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Sarkozy, Royal Face Runoff in France

: Eleanor Beardsley reports.


ELEANOR BEARDSLEY: Segolene Royal's supporters exploded in joy Sunday evening as they learned their candidate had made it to the second round. Royal came in second behind Nicolas Sarkozy. Jean Delanois(ph) was one of the thousands of Segolene fans who crowded the street in front of Socialist Party headquarters in Paris to watch the returns on a giant screen.

JEAN DELANOIS: I feel good because I'm for Segolene Royal. And I think her score is very good, and she has real chances to win.

BEARDSLEY: Nicolas Sarkozy was the day's biggest winner with nearly 31 percent of the vote - a record first round score. Royal had nearly 26 percent. Over at campaign headquarters of centrist candidate Francois Bayrou, there was palpable disappointment that their candidate didn't make it to the second round. But in third place, with nearly 19 percent of the vote, Bayrou is now in a position to play kingmaker. Analysts say Bayrou's voters will be key in deciding the presidential race. Although the Bayrou supporters watching Sarkozy speak last night didn't look like big fans of his.

NICOLAS SARKOZY: (Speaking French)


BEARDSLEY: In his speech, Sarkozy explained why centrist Bayrou didn't make it to the second round.

SARKOZY: (Through translator) By putting Madame Royal and me in the finals, voters have clearly shown they want to go head-to-head in this debate about two different ideas of France, two value systems, and two plans for the future of our society.

BEARDSLEY: Sarkozy's effective campaign machine and well-honed messages may be impressive, but his tough-guy reputation also scares many people. Christophe Barbier, editor of L'Express magazine, says that fear factor may now undermine Sarkozy's candidacy.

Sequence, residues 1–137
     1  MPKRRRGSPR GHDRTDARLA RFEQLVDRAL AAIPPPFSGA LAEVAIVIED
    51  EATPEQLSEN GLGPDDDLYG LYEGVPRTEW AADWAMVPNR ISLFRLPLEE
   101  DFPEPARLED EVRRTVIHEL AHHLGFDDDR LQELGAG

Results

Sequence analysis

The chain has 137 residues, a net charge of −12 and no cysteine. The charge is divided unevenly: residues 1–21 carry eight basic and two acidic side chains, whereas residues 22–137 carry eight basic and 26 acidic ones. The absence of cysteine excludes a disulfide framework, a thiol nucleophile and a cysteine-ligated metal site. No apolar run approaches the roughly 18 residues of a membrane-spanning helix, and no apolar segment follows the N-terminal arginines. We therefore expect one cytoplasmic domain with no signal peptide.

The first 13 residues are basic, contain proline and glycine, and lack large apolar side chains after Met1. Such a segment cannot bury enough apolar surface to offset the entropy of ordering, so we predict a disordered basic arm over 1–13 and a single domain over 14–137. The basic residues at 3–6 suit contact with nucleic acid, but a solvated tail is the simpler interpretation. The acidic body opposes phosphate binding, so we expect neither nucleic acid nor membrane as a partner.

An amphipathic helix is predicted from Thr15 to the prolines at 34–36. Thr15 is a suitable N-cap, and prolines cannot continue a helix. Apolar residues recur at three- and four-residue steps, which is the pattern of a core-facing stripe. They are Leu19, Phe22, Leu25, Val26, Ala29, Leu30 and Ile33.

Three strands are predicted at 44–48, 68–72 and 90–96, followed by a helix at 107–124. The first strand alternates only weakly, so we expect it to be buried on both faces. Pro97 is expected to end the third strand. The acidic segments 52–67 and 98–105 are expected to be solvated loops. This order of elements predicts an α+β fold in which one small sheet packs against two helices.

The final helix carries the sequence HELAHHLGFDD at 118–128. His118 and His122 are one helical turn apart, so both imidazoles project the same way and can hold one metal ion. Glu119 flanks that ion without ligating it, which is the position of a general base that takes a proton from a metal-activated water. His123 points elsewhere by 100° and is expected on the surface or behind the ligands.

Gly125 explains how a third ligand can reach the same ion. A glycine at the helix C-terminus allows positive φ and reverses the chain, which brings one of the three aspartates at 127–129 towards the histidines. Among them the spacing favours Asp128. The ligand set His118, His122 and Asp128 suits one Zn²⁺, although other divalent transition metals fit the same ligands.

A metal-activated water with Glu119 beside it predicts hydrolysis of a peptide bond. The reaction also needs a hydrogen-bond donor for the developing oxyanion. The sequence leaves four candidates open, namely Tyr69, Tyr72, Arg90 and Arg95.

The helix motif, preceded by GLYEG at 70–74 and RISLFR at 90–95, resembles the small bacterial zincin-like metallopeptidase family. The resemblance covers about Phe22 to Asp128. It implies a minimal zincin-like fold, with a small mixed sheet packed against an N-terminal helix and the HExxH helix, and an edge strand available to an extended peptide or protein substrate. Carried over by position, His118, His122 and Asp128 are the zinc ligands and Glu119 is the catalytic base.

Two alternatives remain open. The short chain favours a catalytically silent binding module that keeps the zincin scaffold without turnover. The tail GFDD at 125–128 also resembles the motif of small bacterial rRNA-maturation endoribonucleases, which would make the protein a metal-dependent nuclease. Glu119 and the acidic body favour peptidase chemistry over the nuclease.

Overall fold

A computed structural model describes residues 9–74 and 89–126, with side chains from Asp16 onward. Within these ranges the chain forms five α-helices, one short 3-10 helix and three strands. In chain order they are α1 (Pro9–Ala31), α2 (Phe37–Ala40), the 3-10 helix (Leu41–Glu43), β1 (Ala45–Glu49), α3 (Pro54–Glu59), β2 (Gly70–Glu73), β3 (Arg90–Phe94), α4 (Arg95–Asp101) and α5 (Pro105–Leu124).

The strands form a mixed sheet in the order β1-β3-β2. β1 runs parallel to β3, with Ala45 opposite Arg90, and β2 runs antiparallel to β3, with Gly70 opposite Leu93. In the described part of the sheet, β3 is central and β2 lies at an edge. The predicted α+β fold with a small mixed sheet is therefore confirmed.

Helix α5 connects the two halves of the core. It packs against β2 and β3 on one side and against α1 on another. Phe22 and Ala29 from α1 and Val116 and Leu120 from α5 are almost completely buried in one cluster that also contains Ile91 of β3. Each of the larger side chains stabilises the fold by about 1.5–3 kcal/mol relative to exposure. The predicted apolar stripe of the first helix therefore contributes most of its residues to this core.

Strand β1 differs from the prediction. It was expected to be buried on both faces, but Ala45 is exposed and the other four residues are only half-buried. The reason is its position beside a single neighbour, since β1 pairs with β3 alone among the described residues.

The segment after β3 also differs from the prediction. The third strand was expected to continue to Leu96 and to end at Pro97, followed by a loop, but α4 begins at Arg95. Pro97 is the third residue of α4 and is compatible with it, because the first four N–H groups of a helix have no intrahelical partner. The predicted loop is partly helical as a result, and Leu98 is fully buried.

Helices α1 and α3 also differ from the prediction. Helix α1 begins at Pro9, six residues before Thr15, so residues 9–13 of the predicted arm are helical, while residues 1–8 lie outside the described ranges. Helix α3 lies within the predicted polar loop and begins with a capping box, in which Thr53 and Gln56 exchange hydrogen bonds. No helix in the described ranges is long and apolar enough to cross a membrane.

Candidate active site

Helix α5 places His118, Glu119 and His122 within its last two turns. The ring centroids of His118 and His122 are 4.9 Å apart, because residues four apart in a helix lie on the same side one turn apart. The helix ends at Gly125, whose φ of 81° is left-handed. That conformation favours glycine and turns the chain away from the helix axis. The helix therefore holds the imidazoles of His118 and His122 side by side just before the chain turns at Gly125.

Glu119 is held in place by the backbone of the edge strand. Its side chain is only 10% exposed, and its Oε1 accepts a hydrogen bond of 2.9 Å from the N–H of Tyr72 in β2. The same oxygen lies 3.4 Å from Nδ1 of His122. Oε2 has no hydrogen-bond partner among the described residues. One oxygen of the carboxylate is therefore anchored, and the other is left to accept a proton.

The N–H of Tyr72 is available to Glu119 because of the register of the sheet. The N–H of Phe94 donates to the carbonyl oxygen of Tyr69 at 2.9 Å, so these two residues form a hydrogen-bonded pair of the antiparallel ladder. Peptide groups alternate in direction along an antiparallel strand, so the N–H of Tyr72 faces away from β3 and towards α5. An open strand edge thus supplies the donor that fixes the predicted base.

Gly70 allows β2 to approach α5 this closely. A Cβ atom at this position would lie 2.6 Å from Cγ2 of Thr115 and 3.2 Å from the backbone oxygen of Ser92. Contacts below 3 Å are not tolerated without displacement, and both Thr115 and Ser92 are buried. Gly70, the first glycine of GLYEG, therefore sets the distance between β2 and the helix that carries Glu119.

CHRISTOPHE BARBIER: (Through translator) Nicolas Sarkozy seems to have a comfortable advance after the first round, but nothing is in the bag, because Segolene Royal has a hidden gun, and that's the Anyone-but-Sarkozy vote.

BEARDSLEY: As she addressed her supporters, Royal already seemed to be playing to those fears.

SEGOLENE ROYAL: (Through translator) Tonight I call on all of you who think that we can reform France without brutality, those who believe in the triumph of human values over stock values, and want to put an end to the inequalities that have painfully deepened over the last years.

BEARDSLEY: For NPR News, I'm Eleanor Beardsley in Paris.

: And again, another historic political figure, Boris Yeltsin of Russia has died at the age of 76. You're listening to NPR News. Transcript provided by NPR, Copyright NPR.

Eleanor Beardsley began reporting from France for NPR in 2004 as a freelance journalist, following all aspects of French society, politics, economics, culture and gastronomy. Since then, she has steadily worked her way to becoming an integral part of the NPR Europe reporting team.